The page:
Roses and Butterflies

The Mabel Davis Rose Garden is an All American Rose Selection display garden. It was originally dedicated in 1973 and offers a display of labeled shrub and climbing roses. The Carl Von Bleucher Memorial Columns include eight columns of assorted climbing roses. They were given by Mr. Bleucher’s family in honor of the dedicated rose grower and Charter Member of the Rose Society. The stone plaza and redwood bench offer the best vantage point for taking in the entire garden.

The Butterfly Garden and Trail has been filled with native flowers and plants that attract numerous butterflies, including several migratory species. Recently, the gardens introduced several new plant species that produce nectar or forage for butterfly larvae such as sedums, passionflowers, and coneflowers. Local and migrating butterflies are attracted to these plants, and the number of butterflies has steadily increased over the years. Guided tours are available to explore the interaction between the insects and plants.

Organics, Daylilies, and More

The Organic Garden contains an ever-changing display of organically grown plants from around the world. Many of these useful plants were brought and cultivated by early pioneers. The garden also contains a small pioneer village that includes a blacksmith shop, schoolhouse originally built in 1866, log cabin built circa 1840 and a wishing well that was donated in 1965. The log cabin is considered to be one of the best-preserved specimens in the United States.

The Austin Daylily Society maintains the Daylily Garden, which contains various species and hybrids, with bloom sizes ranging from less than 3” to more than 7”. Blooming periods take place between April and July, and hybridizers are working to develop plants that bloom more than once a year with longer-lasting blooms.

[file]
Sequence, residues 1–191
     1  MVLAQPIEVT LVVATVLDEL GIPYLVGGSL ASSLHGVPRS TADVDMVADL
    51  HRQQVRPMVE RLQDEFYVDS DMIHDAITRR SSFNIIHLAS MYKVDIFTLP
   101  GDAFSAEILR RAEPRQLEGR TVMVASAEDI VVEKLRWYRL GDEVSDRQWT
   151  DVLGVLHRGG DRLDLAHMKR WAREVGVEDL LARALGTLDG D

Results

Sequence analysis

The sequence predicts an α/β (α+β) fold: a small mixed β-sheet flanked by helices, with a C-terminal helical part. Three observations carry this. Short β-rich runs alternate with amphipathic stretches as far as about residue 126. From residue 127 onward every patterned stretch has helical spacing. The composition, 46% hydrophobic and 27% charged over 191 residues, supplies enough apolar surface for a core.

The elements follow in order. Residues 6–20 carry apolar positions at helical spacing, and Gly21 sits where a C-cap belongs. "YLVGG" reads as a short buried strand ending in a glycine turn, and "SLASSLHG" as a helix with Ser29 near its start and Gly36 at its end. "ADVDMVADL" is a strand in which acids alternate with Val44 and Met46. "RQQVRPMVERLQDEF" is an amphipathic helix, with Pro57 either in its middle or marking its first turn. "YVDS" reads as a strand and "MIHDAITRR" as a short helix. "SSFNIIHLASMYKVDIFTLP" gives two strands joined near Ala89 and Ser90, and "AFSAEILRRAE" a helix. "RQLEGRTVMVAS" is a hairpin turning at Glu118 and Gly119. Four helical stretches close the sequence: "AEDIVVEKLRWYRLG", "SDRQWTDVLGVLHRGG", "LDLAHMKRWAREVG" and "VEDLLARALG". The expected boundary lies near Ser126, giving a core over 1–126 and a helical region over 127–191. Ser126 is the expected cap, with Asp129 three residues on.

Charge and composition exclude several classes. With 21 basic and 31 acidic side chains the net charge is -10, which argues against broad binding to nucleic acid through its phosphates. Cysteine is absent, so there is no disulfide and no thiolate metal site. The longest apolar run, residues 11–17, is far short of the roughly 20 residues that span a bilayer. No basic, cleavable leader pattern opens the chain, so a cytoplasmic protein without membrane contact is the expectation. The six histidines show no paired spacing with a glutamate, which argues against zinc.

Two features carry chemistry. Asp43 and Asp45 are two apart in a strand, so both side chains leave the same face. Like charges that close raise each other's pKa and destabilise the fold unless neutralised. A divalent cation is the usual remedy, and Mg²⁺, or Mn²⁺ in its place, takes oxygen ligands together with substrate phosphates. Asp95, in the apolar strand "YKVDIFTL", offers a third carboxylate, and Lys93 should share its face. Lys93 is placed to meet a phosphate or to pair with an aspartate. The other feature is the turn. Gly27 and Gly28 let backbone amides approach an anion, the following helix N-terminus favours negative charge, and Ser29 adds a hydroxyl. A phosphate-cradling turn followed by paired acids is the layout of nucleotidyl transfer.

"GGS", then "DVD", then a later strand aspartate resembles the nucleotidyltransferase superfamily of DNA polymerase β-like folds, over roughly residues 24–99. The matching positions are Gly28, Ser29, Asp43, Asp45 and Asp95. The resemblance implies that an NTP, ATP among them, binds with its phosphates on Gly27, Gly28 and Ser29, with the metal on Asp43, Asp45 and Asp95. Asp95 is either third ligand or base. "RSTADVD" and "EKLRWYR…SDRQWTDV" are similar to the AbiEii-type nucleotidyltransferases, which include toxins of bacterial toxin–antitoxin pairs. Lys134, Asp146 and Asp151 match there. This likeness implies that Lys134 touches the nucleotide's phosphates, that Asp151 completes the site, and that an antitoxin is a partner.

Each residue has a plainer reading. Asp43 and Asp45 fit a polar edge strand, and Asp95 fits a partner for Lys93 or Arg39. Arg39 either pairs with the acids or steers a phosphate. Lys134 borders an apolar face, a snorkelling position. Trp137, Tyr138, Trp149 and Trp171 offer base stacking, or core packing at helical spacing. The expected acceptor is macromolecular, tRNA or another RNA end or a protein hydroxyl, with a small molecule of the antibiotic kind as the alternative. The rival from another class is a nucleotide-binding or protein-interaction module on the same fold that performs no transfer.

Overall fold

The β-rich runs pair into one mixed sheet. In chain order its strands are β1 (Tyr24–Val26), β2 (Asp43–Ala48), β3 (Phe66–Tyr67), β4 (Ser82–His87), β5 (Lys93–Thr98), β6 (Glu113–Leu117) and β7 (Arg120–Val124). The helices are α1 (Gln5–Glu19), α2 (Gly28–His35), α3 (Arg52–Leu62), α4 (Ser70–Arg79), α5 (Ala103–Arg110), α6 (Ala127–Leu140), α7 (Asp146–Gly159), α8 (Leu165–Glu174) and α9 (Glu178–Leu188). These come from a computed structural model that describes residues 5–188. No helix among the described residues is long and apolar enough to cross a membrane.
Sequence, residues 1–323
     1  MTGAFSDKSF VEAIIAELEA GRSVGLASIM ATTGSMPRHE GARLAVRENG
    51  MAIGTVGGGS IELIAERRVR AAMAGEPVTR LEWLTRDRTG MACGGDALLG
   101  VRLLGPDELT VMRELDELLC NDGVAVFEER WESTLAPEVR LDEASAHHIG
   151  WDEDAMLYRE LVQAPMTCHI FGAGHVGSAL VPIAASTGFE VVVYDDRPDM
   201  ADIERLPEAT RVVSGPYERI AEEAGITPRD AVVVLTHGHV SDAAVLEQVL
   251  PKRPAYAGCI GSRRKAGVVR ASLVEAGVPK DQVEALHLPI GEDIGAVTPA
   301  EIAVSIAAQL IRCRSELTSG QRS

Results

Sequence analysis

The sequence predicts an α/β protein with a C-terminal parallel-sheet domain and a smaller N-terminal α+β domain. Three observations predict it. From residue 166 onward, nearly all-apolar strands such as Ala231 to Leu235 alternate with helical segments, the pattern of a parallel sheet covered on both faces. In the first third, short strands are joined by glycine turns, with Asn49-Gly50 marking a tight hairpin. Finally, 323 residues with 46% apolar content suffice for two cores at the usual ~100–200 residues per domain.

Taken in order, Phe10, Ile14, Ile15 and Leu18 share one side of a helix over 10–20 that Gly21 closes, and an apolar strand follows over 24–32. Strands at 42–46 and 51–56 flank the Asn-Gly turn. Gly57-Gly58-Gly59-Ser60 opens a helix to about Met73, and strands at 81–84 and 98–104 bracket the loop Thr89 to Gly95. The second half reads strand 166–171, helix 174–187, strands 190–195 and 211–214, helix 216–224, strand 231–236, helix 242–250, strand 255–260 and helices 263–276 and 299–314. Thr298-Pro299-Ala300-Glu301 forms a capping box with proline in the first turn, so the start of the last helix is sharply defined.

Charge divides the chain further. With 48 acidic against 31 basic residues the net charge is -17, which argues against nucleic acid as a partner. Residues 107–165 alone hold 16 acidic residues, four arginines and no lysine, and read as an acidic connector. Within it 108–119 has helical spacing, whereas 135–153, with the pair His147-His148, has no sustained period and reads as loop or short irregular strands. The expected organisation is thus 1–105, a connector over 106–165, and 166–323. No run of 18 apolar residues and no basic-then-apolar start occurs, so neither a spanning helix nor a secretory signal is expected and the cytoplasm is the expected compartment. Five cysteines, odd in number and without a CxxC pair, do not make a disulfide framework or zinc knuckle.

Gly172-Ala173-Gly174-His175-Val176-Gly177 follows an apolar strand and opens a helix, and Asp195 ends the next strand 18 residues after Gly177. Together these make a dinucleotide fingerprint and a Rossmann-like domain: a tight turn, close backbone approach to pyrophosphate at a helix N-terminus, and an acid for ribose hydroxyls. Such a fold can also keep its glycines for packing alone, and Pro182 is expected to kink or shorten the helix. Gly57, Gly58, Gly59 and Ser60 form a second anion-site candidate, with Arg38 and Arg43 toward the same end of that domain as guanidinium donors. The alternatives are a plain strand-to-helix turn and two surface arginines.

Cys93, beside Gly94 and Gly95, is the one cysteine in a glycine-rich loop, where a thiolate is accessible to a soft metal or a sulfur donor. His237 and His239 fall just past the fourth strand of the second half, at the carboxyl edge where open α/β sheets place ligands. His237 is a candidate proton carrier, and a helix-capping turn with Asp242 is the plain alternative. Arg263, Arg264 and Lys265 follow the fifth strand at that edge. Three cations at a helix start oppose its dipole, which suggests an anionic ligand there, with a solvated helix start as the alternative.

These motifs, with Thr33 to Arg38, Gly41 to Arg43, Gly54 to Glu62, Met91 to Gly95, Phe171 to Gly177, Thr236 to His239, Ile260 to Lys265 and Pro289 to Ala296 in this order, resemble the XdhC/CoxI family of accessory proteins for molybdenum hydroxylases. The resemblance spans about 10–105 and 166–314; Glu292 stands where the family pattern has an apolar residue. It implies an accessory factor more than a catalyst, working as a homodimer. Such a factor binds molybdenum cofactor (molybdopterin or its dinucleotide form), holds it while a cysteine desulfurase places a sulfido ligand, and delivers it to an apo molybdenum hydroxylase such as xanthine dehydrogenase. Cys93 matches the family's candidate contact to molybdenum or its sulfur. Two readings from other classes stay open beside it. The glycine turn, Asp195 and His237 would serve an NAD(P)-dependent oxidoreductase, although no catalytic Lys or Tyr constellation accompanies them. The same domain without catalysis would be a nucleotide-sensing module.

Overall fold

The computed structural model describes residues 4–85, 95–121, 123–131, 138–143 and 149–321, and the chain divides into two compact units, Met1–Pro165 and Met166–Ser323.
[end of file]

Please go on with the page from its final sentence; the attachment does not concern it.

The Western Trails Garden Club maintains the Children’s Garden. Its central feature is a large topiary dinosaur filled with Sansevieria, succulents, purple and chartreuse sweet potato vines, rosemary, spider plants and irises. Other areas of the garden are populated with beautiful examples of giant oak and elm trees with birds of paradise, mountain laurel and butterfly bushes.

The Attic of Austin

The Zilker Botanical Garden also contains several interesting and historic landmarks. The Congress Avenue foot bridges that were in use between 1870 and 1905 that cross over the drainage ditches lining the avenue are still in use in the park. The Butler Window, a key-shaped window in a lone brick wall, was once part of a house downtown that was built in 1887 and relocated to the gardens when the house was demolished. The antique light standards, which are found in the parking area, once lined Lavaca Street from 1926 to 1976. These artifacts have earned Zilker Botanical Garden the nickname “the attic of Austin.”

Austin has many parks and lovely greenery, but in few places does the color really come alive as it does in Zilker Botanical Garden. The unique and varied gardens make for a relaxing trip the whole family can enjoy.